Pedersen Kjeld Møller
Pedersen Kjeld Møller: COHERE, Postal: Department of Business and Economics, University of Southern Denmark
Abstract: The current fashion in health policy is value based health care in the sense that Michael Porter has introduced, starting with his 2006-book on Redefining Health Care – Creating Value-based competition on results. The question is: Is it a genuine innovation, or is it a quasi-innovation that is easily misunderstood or misapplied and will fade away in a very few years to be substituted by a new fad? Surprisingly, value based health care has not yet been subject to critical scrutiny. This working paper has three aims: A rather critical appraisal along with a very rare undertaking in health policy analysis: The tracing of how an idea/concept has been spread and promoted (who, where, how) internationally and in Denmark. The third aim is to look at relevance for Danish health care by asking: Is it an alternative to the current activity based reimbursement regime: DRG-based reimbursement, and will the outcome-focused approach put the patient first and in the center (patient-focused health care)? The brief answers to the two questions are: No and yes respectively. Value based health care has three main components: 1. Focus on outcome (health status changes), 2. Value based reimbursement, and 3. The organization of health care along diagnostic/disease lines (Integrated Practice Units). To this can be added, for instance, the need for an IT infrastructure. Only 1 and 2 are addressed here. The promotion of the concept has been located in two cities: Boston and Stockholm. In Boston, Porter’s Institute for Strategy and Competitiveness, Boston Consulting Group along with the New England Journal of Medicine have been instrumental in spreading the thinking, and tireless promotion by Porter himself, occasionally in tandem with Robert Kaplan. In Stockholm, the consulting house IVBAR with good ties to Porter and the Karolinska Institute/Hospital has been instrumental and the consortium Sveus (7 counties that to varying degrees experiment with some of the ideas), essentially supported and managed by IVBAR which manages the homepage of Sveus. In Denmark, the idea has been promoted by Danish Regions with support from IVBAR – though, in fairness it should be noted that the 2011-pampflet on Quality Based Health Care was the independent starting point by establishing an agenda of ‘quality – not quantity’. One particular challenge posed by an essentially American developed concept is to distinguish purely American issues from the more universal relevance. For instance, the idea of bundling of services in a US context is marred by the fact that the Medicare DRG rates do not include physicianpayment, which for instance is the case in Denmark – where DRG is hence (possibly along the DAGS for ambulatory hospital treatment) essentially bundled services in a hospital context – hence to a considerable degree diminishing the novelty of bundling. Examples like these abound – requiring the reader to have a good understanding of both the US and the national context. Value based reimbursement has three components (at least judging from the Swedish examples within eight diagnoses – with spine surgery, hip and knee replacement as the most frequently promoted, also by Porter): Bundled payment; a warranty component and a P4P-component, with the last two components making up less than 10% of the total reimbursement – and lacking arguments for how to calculate these two components. The costing of the bundled payment apparently ought to be done using time based ABC a la modum Kaplan. Claims about savings using bundled payment are not substantiated in a causal sense. Six Danish pilot studies of value based health care are discussed briefly noting that the relationship to the concept is very weak. A recent working paper from Danish Regions looks in some detail at value based reimbursement – with P4P being the link to ‘value based’. The outcome dimension is addressed in a Danish context by reference to an ongoing promising project about PRO and PROM data. However, many loose ends remain – in particular with regard to the applicability at the population level. In addition, there is a need for coupling this patient centered outcome approach to the existing clinical quality databases and the recently introduced eight national objectives for the Danish health system.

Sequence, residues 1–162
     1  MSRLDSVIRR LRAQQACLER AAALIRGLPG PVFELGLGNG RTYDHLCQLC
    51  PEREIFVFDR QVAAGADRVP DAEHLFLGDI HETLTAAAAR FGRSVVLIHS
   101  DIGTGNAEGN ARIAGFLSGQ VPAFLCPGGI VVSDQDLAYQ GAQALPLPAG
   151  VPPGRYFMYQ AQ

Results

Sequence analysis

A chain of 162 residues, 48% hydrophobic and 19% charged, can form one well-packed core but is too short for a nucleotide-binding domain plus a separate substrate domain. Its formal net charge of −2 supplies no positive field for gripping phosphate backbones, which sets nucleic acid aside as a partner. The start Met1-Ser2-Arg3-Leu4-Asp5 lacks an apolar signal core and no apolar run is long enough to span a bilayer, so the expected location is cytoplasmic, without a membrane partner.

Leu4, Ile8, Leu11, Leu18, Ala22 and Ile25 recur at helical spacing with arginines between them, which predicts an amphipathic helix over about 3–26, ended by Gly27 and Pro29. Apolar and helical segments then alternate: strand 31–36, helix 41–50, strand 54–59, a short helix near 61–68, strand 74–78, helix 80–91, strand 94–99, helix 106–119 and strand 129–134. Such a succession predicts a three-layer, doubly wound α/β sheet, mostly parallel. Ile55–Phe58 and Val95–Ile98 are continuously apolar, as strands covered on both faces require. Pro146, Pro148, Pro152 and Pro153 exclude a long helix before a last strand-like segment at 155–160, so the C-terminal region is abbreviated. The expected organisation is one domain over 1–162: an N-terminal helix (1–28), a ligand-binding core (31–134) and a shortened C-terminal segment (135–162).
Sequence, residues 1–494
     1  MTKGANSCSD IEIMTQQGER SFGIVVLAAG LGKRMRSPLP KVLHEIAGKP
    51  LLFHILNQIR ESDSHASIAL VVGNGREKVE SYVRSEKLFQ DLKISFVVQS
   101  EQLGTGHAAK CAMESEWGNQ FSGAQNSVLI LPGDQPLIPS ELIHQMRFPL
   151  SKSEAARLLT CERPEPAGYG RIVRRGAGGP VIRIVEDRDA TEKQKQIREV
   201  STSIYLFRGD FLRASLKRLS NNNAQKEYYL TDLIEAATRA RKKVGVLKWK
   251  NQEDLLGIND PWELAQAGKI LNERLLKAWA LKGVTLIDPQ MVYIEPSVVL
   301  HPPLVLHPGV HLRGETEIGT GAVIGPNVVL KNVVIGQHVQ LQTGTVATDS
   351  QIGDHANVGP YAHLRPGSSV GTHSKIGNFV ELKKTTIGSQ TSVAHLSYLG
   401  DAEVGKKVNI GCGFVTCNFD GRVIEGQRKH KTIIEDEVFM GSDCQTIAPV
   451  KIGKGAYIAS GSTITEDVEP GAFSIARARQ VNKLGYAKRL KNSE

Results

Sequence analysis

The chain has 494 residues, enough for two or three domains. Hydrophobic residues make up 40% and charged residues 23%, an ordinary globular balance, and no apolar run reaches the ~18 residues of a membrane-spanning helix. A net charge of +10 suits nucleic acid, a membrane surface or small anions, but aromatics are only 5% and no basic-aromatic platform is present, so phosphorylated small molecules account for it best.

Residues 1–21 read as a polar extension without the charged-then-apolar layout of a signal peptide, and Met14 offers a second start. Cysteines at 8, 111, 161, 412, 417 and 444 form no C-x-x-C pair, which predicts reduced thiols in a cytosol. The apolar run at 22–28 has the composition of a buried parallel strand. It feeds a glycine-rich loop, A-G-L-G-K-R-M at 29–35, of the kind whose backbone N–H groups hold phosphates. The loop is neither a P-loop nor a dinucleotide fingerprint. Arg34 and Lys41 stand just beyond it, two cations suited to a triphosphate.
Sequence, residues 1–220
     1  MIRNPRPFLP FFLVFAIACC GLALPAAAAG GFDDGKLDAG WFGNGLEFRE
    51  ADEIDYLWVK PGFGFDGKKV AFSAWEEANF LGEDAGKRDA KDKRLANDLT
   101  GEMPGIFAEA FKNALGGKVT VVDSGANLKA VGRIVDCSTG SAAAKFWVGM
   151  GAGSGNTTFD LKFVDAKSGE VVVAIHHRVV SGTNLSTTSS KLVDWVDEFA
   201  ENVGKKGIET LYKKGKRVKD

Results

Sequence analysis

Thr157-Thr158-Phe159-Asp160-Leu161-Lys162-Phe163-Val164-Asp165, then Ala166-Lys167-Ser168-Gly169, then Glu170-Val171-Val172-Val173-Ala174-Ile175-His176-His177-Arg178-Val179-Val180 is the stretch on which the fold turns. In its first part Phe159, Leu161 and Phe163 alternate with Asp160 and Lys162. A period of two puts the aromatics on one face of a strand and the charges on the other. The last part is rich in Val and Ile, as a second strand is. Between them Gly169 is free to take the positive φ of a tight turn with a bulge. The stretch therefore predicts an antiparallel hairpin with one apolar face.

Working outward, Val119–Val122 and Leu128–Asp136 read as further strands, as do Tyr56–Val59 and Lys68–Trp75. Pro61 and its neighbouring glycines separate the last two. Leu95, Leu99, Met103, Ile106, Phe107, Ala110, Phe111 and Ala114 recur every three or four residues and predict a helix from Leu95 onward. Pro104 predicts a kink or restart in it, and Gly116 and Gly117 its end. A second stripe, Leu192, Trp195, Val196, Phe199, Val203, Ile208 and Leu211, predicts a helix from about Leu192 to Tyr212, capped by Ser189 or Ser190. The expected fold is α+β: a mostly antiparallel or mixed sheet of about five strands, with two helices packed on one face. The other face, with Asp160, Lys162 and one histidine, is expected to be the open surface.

41 pages, February 7, 2017
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